NORMAN — An experimental prototype at Lake Thunderbird is making history and could provide solutions for troubled lakes everywhere.
Now in its third year, the Supersaturated Dissolved Oxygen System, or SDOX, is showing positive results.
Steven Cadenhead from the Oklahoma Water Resources Board reported the program’s success to the Central Oklahoma Master Conservancy District board on Thursday. The primary goal of the experimental project is to add oxygen to the bottom layer of lake water.
“We’re able to make a noticeable effect in a good chunk of the target area,” Cadenhead said. “There was a really good dispersal of oxygen in the target area.”
Organic matter and nutrients like phosphorous build up in the bottom of lakes. The organic matter uses oxygen as part of the decomposition process.
During the winter, the lake water is the same temperature, but as the upper portion of the lake water warms in the spring, the lake stratifies, isolating the bottom of the lake.
That isolation lets the decomposition of organics pull the oxygen from the lower depths. The lack of oxygen causes nutrients such as phosphorous to release from the sediment at the bottom of the lake.
In the fall as the water cools, that nutrient-rich, isolated water rises and feeds the algae. In addition to other problems, this algae is one of the primary contributors to taste and odor problems in Norman’s drinking water from the lake.
While recent TMDL studies by the Department of Environmental Quality map the amounts of nutrients like phosphorous that are feeding into the Lake Thunderbird watershed, COMCD did not wait for that study to take proactive action to improve water quality.
By working with BlueInGreen out of the University of Arkansas to install the SDOX system, the board hoped to improve the water quality of its municipal customers.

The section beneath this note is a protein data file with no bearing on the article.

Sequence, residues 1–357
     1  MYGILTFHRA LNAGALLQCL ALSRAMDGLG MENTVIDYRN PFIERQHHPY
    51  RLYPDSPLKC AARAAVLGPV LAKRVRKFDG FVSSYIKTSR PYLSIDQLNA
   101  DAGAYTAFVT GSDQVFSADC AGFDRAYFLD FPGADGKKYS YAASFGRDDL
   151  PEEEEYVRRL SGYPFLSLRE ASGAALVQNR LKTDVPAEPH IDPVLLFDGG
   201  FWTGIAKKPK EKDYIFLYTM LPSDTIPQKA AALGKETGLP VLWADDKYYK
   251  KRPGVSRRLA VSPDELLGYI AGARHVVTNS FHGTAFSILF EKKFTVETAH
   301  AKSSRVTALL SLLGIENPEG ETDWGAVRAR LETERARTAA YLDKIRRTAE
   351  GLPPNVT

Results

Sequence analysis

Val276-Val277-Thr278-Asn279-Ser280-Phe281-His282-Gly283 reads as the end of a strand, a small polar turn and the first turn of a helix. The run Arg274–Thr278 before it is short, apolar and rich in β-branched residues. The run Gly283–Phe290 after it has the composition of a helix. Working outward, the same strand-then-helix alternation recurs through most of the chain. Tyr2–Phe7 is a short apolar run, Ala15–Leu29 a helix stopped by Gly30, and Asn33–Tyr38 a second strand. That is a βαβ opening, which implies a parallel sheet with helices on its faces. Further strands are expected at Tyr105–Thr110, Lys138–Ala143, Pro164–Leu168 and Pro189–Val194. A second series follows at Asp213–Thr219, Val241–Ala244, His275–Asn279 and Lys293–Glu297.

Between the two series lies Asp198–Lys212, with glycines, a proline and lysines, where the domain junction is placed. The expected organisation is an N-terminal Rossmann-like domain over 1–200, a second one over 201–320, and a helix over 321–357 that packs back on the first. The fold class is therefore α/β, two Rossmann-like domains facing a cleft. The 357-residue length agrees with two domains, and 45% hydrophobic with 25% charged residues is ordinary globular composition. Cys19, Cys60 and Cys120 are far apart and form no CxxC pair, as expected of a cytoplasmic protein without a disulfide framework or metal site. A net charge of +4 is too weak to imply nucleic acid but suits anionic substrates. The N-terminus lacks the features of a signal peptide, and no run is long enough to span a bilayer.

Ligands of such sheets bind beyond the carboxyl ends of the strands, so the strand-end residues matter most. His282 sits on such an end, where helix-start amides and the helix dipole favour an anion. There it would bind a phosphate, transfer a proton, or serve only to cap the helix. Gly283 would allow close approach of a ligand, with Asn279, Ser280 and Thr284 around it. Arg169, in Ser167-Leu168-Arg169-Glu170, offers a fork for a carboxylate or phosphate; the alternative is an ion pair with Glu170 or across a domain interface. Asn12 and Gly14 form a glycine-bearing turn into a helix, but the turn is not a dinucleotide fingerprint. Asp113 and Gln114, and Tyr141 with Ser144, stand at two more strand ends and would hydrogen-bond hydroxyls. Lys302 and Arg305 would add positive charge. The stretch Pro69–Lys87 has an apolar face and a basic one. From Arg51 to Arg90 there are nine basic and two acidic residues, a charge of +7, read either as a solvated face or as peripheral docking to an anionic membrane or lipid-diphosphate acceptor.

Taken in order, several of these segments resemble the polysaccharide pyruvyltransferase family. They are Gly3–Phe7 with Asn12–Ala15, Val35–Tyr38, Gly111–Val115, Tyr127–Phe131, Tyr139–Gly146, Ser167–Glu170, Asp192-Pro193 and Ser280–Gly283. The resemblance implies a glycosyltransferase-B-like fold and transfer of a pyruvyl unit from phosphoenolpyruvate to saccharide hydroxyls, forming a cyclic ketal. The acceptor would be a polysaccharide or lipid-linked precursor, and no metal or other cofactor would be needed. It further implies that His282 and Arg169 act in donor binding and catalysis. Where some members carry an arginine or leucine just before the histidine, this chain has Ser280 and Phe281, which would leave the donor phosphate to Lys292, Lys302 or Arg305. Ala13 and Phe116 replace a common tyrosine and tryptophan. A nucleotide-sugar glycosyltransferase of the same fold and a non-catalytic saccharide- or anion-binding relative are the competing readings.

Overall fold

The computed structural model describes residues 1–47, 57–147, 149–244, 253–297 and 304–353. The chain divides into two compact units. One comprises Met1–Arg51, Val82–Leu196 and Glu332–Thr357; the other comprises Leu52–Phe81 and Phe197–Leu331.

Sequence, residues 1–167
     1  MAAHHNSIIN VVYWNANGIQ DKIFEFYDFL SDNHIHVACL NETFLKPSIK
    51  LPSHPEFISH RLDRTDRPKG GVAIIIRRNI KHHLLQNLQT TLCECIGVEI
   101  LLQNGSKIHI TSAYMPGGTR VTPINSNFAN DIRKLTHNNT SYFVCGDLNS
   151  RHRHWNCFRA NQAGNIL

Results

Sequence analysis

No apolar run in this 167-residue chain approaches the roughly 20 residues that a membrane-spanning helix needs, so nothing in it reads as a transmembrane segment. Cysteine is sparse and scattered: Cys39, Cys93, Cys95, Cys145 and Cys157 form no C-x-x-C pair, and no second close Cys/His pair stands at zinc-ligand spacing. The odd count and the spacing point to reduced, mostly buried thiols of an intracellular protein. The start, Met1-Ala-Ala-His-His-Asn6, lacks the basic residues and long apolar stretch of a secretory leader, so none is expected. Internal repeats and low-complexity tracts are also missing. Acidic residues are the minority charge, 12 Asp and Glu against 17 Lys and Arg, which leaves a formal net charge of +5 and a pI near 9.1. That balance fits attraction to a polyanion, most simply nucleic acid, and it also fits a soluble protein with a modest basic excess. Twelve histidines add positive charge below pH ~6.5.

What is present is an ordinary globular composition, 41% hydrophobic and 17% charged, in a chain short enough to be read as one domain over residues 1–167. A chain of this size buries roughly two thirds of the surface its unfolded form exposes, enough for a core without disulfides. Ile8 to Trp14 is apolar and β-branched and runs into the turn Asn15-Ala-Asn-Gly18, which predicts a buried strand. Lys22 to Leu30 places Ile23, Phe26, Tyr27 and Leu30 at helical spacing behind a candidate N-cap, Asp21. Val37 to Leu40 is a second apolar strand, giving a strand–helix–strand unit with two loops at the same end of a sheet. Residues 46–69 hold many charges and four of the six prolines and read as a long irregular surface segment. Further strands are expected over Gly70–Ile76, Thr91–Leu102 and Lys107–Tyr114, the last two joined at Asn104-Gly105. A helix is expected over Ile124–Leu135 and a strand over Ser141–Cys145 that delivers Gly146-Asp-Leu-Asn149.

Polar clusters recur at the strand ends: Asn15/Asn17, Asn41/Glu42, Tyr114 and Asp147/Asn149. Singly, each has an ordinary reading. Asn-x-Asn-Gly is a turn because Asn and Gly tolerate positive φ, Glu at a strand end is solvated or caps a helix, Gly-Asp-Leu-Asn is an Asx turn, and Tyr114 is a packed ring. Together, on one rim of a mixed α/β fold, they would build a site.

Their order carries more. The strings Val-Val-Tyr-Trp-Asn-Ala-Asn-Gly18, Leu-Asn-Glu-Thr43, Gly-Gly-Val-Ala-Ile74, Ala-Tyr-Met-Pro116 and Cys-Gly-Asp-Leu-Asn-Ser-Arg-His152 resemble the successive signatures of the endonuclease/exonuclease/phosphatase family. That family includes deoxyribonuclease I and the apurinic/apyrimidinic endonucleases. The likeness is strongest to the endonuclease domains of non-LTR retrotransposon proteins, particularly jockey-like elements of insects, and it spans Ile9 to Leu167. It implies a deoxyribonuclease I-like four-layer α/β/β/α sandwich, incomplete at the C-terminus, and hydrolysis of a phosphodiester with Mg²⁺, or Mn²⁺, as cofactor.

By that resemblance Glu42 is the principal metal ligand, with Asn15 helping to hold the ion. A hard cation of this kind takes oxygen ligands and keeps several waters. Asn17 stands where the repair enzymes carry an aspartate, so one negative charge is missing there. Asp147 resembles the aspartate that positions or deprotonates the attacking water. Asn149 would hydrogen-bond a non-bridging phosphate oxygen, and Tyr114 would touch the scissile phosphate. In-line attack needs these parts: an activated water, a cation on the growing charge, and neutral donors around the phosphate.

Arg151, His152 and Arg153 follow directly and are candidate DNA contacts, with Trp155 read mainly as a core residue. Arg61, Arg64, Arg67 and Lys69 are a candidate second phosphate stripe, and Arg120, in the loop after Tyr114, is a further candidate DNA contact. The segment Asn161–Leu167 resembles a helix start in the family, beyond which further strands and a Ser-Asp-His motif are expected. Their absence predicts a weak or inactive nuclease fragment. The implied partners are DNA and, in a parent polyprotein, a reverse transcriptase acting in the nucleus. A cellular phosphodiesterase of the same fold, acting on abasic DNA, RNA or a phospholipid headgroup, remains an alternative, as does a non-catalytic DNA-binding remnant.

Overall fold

The start-up costs of the project were funded through the American Recovery and Reinvestment Act channeled through OWRB. COMCD pays for the oxygen and does maintenance on the system.
At this time, there is one treatment area by the dam, where the lake is deepest. By treating this problem area, the whole lake benefits, but this area is key because it’s also the location of the raw water intake for the lake’s municipal customers.
An original goal of the SDOX system was to increase dissolved oxygen in the lower strata of the lake without mixing upward. If mixing occurs, some of the oxygen is lost upward, instead of staying in the lower lake level where it’s needed most.
A secondary goal is to reduce the sediment phosphorous to prevent algae bloom and to reduce the total organic carbon in the lake.
A long-term goal is to lower drinking water costs and reduce taste and odor complaints by water consumers.
During the first two years, the program showed some success, but mixing of the layers occurred. However, the lake’s oxygen increased and broke the trend of rising levels of chlorophyll-a. Monitoring chlorophyll levels is a way to track algal growth.
BlueInGreen made some adjustments and solved the mixing problem. Even though the SDOX system was off during a portion of July for repairs, once it was operational, the improved oxygen levels quickly returned.
“It’s going to take us a while to lower that sediment oxygen demand,” Cadenhead said.
Compared to 2007, which was a similar year with a lot of inflow from rain, calculations showed the difference in oxygen levels this year as strongly improved.
The areas of anoxia (lack of oxygen) in the deep parts of the lake were the lowest ever calculated by OWRB.
The system pulls water from the depths, infuses it with oxygen and puts the water back at the same temperature so it stays at the same low level where the oxygen is needed. Because the oxygen is dissolved, saturating the water, it stays in place.
The SDOX prototype is the only system of its kind, but BlueInGreen will likely build on the success at Lake Thunderbird to set up other pilot projects, Cadenhead said.